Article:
Dealt to Detroit at the deadline with Zach Miner for Kyle Farnsworth, Colon continued struggling in relief yet managed a 3.27 ERA on an 18:7 K:BB in 33 IP over 7 GS. While his minor league stats suggest he belongs in the bullpen, his big league numbers, highlighted by his impressive control with the Tigers, instead place him in line to seize any starts if one of Detroit's southpaws or youngsters encounters difficulties. Don't draft Colon now, but if he continues developing, he might help your team by mid-season.
Acquired by the Cubs at the end of camp in a foolishly short-sighted deal for pitching prospect Bear Bay, Bartosh only lasted ten weeks with the Cubs, never emerging as more than a tertiary option in the bullpen. While he owned intriguing skills prior to 2005, he even stumbled after heading to AAA Iowa(PCL), posting a 5.08 ERA on a 26:16 K:BB in 28.1 IP with 40 H and 3 HR allowed. I still expect Bartosh to emerge as a decent big league reliever at some point, but the Cubs simply weren't a good fit for the young southpaw at this point in his development.
Please refer to our Post-2005 Prospect Review: St. Louis for my comments on Journell.
Please refer to our Post-2005 Prospect Review: Colorado for my comments on Williams.
Solid numbers in Colorado Springs in 2004 caught the Dodgers' collective eye, resulting in a spring training NRI, surprisingly solid work during exhibition games, and a highly unexpected spot on the Opening Day roster following Wilson Alvarez's injury. Unfortunately for Carlyle, his tendency to allow longballs left him stranded in middle relief, so while he partially rebounded after his demotion to AAA Las Vegas, he didn't return to Dodger Stadium after May. Brought into camp this spring in the Marlins' reliever cattle call, I don't expect him to see much time in the majors after a weak camp.
While Dohmann broke camp in the majors after a solid 2004 camapaign, a bad start led to another three-month tour of the PCL with AAA Colorado Springs, where he managed a 4.38 ERA on a 53:16 K:BB in 39 IP with 41 H and 5 HR allowed. He offered the Rockies far better numbers upon his return in August, compiling a 2.59 ERA on a 29:15 K:BB in 24.1 IP over the last two months of the season. Dohmann now appears certain to spend 2006 in Denver, and although I don't envision him supplanting Brian Fuentes or even earning positive roto value, his development to date suggests he at least should emerge as a key member of the club's rebuilt bullpen.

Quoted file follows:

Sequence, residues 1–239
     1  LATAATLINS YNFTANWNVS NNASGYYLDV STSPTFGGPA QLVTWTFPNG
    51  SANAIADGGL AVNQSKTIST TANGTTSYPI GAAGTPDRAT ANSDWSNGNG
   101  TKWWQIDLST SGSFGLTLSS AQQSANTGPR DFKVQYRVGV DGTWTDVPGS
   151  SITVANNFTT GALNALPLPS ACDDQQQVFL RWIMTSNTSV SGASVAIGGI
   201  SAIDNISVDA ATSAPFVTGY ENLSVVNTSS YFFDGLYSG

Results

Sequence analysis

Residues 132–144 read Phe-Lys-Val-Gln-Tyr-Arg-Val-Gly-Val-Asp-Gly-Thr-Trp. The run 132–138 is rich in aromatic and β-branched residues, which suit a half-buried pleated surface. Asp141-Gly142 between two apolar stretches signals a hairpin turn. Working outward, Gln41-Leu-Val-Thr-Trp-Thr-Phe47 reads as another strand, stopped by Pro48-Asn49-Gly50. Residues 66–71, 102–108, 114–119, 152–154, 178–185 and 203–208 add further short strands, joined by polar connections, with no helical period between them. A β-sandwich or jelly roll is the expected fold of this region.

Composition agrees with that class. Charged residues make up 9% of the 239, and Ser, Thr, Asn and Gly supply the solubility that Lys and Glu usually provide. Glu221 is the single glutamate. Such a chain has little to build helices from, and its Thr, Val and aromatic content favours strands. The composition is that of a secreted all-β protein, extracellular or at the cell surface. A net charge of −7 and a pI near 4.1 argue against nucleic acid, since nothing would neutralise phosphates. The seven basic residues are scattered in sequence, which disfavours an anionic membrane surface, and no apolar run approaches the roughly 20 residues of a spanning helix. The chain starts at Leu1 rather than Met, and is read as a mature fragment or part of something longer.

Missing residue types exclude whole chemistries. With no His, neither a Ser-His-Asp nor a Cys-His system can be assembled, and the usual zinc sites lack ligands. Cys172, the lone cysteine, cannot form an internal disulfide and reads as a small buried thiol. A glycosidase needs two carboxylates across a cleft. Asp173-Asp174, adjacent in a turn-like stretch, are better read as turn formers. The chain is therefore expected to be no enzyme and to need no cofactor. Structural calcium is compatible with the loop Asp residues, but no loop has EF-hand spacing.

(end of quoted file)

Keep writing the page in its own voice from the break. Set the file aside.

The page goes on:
Wagner looks like a worse first rounder with each passing year as he now appears closer to spending 2006 in the minors than as the Reds' closer. Danny Graves' departure surprisingly didn't lead to many save opportunities for the youngster, and after shoulder problems destroyed his second half, Wagner may not even break camp in the majors next week. While his long-term future remains reasonably bright, I see no reason to even invest a Dollar Days' pick in him until his big league performance improves.
A slow start for Martin led to his release from the Braves after only four appearances, a move of shocking impatience from generally conservative franchise. He didn't merit a mid-season call-up after joining the Astros, and although he appears set in the Rockies' bullpen due to his solid work this spring, Martin's career will be in jeopardy if he fails to take advantage of this opportunity. Given his inconsistency and limited upside even when pitching well, definitely don't roster him as long as he pitches for Colorado.
Registering a solid 4.04 ERA on a 73:31 K:BB in 104.2 IP over 17 GS(18G) with 107 H and 12 HR for AAA Albuquerque(PCL) earned Smith a look in Florida, but allowing an abnormally high number of baserunners quickly ended each of his four brief call-ups. Although signing with the Braves could lead to a more significant role, Smith currently appears fairly buried on both the club's rotation and bullpen depth charts, leaving him bereft of any fantasy value.
Please refer to our Post-2005 Prospect Review: Atlanta for my comments on Devine.
Please refer to our Post-2005 Prospect Review: New York(N) for my comments on Hamulack.
Please refer to our Post-2005 Prospect Review: Florida for my comments on Kensing.